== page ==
But that's not a new idea: It goes back to Jesus. The poor, the sick and the outcast "got" him better than the wealthy did. Perhaps because there was less standing between the poor and God. Less stuff. Maybe that's why Jesus said in the Gospel of Matthew, "If you wish to be perfect, sell all you have, and you will have treasure in heaven, and follow me." Like I said, pretty disturbing, then and now. It's hardly "the opposite of the Gospel," as Beck said. The opposite of the Gospel would be to acquire wealth and fail to work on behalf of the poor.

Mr. Beck and his tea-party perversion of the core teachings of the world's faith traditions are, in the final analysis, all about the struggle between the core ideals of religious traditions that make justice, mercy, and compassion fundamental, and the desire of the wealthy funders of the tea party movement to unravel the scant social safety network our society now affords to the poorest among us.

Those funding Mr. Beck, and for whom he is a mouthpiece, want taxes for the obscenely rich obliterated.  They want to remove ecological and other restraints from corporations.  They hope to roll back health care reform.  Their ultimate goal is to end social security.

Given their agenda, it's understandable that Mr. Beck's wealthy funders, including Rupert Murdoch and Charles and David Koch, seek to attack the social teachings of the Christian gospels, to claim a distorted understanding of the gospels as authentic religion, and to impose this gospel of wealth on a whole nation.  What these folks cannot credibly accomplish, however, is putting the Jesus proclaimed by the Christian gospels on their side.

Because, as Jim Martin reminds us, that's not where Jesus stands:

It's hard to ignore the fact that Jesus chose to be born poor; he worked as what many scholars now say was not simply a carpenter, but what could be called a day laborer; he spent his days and nights with the poor; he and his disciples lived with few if any possessions; he advocated tirelessly for the poor in a time when poverty was considered to be a curse; he consistently placed the poor in his parables over and above the rich; and he died an utterly poor man, with only a single seamless garment to his name. Jesus lived and died as a poor man. Why is this so hard for modern-day Christians to see? Liberation theology is not Marxism disguised as religion. It is Christianity presented in all its disturbing fullness.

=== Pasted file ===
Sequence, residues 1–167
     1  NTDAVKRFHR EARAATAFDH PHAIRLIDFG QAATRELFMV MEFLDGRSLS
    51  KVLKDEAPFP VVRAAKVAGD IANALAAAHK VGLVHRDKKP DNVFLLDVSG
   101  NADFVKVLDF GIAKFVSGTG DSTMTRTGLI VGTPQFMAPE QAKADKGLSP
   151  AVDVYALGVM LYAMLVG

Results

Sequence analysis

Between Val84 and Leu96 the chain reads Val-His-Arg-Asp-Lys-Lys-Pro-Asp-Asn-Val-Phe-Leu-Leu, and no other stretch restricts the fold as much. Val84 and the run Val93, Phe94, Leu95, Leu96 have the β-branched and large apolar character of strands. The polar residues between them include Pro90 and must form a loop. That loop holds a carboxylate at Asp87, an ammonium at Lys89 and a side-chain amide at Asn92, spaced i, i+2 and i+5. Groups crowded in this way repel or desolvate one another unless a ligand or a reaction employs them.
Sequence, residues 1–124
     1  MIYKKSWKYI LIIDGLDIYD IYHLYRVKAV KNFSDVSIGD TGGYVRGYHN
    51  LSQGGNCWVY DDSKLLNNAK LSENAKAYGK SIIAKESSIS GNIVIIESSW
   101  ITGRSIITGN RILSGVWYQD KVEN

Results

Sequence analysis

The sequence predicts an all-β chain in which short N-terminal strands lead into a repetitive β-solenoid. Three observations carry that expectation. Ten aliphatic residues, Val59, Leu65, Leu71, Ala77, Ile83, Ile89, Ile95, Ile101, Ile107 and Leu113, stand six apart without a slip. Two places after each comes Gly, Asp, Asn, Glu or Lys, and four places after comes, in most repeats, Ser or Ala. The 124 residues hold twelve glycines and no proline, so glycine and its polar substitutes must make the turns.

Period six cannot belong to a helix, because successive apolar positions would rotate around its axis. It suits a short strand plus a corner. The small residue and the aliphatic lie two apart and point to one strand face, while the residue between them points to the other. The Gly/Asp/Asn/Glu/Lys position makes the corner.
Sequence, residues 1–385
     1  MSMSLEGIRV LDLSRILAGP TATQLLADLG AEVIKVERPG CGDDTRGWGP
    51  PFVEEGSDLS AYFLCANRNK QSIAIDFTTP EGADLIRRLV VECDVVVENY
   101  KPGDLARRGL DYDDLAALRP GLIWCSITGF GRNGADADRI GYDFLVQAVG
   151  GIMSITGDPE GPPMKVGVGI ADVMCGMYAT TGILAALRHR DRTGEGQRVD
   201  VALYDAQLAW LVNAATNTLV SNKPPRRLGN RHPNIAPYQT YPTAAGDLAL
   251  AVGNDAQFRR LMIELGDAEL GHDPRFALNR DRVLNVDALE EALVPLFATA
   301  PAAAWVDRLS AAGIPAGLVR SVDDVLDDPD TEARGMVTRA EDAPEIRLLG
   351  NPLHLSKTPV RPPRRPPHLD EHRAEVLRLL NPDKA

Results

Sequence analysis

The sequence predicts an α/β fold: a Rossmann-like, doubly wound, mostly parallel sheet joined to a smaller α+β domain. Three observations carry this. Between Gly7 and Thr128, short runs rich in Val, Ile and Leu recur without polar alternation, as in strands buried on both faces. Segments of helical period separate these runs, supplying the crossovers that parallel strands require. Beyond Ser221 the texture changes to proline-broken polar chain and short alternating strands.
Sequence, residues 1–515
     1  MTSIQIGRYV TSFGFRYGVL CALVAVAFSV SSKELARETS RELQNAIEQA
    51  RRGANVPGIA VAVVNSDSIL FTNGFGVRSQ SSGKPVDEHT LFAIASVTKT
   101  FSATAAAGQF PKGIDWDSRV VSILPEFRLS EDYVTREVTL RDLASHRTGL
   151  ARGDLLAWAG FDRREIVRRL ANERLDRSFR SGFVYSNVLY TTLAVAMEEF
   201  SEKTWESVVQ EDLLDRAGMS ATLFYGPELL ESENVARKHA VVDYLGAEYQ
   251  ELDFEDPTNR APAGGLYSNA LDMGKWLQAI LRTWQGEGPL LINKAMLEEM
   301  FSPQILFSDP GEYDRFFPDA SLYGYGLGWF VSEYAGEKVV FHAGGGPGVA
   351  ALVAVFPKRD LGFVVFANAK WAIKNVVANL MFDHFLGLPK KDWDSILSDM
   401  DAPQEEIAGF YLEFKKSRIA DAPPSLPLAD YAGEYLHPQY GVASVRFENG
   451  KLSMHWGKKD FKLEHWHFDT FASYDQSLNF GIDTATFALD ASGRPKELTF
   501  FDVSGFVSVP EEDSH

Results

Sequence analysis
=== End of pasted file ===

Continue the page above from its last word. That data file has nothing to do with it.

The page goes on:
Glenn Beck's opposition to "social justice" and "liberation theology" is all the more difficult to understand because of his cloaking of himself in the mantle of devout believer. "Look to God and make your choice," he said during his rally on Sunday.

If he looked at Jesus more carefully he would see someone who already made a choice: for the poor.

Christianity in all its disturbing fullness: that's what Glenn Beck and those using him as a mouthpiece find problematic.  And what they want, at all cost, to undercut, block, buy and destroy.  Because it (and the core teachings of the rest of the world's religion) stand in their way as they pursue their self-serving goals for the United States and the rest of the globe.

The graphic is Fritz Eichenberg's engraving "Christ of the Breadline."